- The Washington Times - Thursday, October 25, 2001

PESHAWAR, Pakistan Afghan exiles in Pakistan yesterday called on the United States to stop the air strikes and for Afghanistan's exiled king to return a tentative first step toward forming a post-Taliban government.
The exiles filled a downtown auditorium in the first of a two-day event called by Pir Sayed Ahmad Gailani, a former mujahideen commander from the war against the Soviets.
"Afghanistan dangles between life and death and Afghans suffer the worst kind of miseries," said Mr. Gailani, whose National Islamic Front of Afghanistan led yesterday's meeting, in his opening speech.
"Efforts should be made to stop the military operation and start work on reconstruction of the country as early as possible," he told about 1,000 exiled religious, tribal and political leaders.
Mr. Gailani called for Mohammed Zahir Shah, 87, the former king of Afghanistan, who has lived in exile in Rome since 1973, to head an interim government that would draft an Islamic constitution for a new Afghanistan. As U.S. jets pound Afghanistan, numerous exile groups in Pakistan have been jockeying for a role to play when the war eventually ends.
A senior State Department official yesterday acknowledged the meeting in Peshawar, but said a meeting soon to take place in Istanbul would be watched more closely.
"The more important meeting is in Istanbul, and we have people following it there," said the official, speaking on the condition of anonymity.
"That group includes Pashtuns, representatives of the king and of the Northern Alliance. The group of exiles in Pakistan is important as well, but it's kind of hard to tell at this moment where the locus is" of efforts to form a post-Taliban government.
"The fact that people are meeting is important," he said.
The gathering in Turkey is expected to organize a special meeting next week of all Afghan religious, tribal and ethnic factions, known as a Loya Jirga, which may be called upon to anoint a post-Taliban government in Afghanistan.
Pakistan is known to favor a broad-based, multiethnic government to replace the Taliban, in which the majority Pashtun ethnic group would play a dominant role. Speakers at yesterday's assembly predicted that Pashtun tribal leaders from southern Afghanistan and Taliban members themselves would defect and join their effort.
"I'm optimistic that after this meeting, some of the Taliban will contact us and something positive will happen," said Ata Mohammed Ittah, who fled the Taliban stronghold of Kandahar for Pakistan shortly after the Oct. 7 onset of U.S. bombing.
In contrast to the Pashtuns of southern Afghanistan, the opposition Northern Alliance is dominated by ethnic Tajiks and Uzbeks, whose short-lived rule in the early 1990s plunged the country into civil war. Numerous proposals to replace the Taliban center on the frail former king, himself a Pashtun.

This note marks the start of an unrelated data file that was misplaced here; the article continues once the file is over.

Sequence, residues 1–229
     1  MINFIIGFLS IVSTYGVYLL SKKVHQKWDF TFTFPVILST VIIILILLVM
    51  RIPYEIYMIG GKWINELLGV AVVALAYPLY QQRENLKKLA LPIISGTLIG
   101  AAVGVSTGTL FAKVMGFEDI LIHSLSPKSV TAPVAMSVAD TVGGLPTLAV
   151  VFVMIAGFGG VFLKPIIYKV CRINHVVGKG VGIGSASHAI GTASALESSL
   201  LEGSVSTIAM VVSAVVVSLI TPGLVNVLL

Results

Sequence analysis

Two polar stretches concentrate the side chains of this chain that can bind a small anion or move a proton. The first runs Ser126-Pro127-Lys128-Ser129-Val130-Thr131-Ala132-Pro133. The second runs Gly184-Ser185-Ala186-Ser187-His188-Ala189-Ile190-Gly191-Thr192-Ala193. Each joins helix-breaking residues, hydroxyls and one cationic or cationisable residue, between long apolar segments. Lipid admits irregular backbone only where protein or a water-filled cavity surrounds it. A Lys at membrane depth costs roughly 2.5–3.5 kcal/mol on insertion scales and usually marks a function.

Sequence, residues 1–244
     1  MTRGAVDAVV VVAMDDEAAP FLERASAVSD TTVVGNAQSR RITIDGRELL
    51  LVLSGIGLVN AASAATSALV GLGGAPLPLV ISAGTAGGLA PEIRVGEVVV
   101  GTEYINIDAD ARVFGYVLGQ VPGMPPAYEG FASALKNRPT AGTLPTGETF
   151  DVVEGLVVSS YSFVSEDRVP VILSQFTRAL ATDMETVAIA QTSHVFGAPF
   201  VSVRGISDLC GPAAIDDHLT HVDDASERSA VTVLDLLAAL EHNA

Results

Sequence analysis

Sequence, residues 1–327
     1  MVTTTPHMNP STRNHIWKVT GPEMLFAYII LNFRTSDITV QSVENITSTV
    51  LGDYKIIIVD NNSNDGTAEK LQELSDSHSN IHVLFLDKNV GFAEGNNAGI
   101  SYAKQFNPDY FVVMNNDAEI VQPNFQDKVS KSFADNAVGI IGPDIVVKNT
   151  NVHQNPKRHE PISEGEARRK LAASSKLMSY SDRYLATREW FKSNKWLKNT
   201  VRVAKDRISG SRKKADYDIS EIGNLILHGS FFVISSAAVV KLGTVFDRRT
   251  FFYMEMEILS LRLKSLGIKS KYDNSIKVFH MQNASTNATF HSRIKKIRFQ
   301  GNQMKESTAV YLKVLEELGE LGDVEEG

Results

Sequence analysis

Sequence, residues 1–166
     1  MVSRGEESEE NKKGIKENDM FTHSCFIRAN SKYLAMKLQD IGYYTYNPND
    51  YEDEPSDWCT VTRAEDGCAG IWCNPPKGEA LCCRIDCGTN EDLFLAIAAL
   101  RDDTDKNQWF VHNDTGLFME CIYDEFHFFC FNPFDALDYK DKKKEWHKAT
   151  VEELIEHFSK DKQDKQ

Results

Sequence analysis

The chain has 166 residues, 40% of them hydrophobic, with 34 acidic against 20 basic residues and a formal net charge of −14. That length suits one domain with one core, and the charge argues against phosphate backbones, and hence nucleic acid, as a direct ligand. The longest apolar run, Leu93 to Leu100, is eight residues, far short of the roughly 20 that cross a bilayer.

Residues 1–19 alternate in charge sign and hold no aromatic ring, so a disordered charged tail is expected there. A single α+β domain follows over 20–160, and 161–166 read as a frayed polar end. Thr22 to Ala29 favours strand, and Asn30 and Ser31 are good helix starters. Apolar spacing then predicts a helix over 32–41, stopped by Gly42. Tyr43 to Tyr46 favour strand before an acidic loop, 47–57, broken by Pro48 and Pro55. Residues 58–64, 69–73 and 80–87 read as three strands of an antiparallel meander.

Yesterday's assembly marked a tentative attempt by Mr. Gailani's group to position itself as a leading faction lining up behind the plan. But skeptics at the conference dubbed the "Conference of Peace and National Unity" dismissed it as little more than an exercise in wishful thinking.
"It was just a one-party show. These people are lobbying for the king and the king's representative did not even show up," said Zia ul Haq, a reporter for a local English-language newspaper.
The king's envoy, Amin Arsalan, is now in Pakistan conducting behind-the-scenes negotiations of his own. He had earlier indicated that he would attend yesterday's event, and organizers held out hope he would show up yesterday. Both Pakistan and the United States have tentatively backed attempts to involve the former king, if only in a ceremonial role, to form a new administration. Senior State Department official Richard Haass has visited him in his Italian villa.
After yesterday's session ended, Gulo Jan Wahdat Shinwari, a former assemblyman from the eastern Afghan city of Jalalabad, offered reporters a novel approach for dealing with Osama bin Laden.
"Osama is not part of Afghanistan. He is part of Arabia. It would be easy to send him back to Arabia so he can do his jihad there," Mr. Shinwari said. The Taliban's failure to turn over bin Laden, the prime suspect in the Sept. 11 attacks on the United States, prompted the U.S. air campaign, now in its third week.

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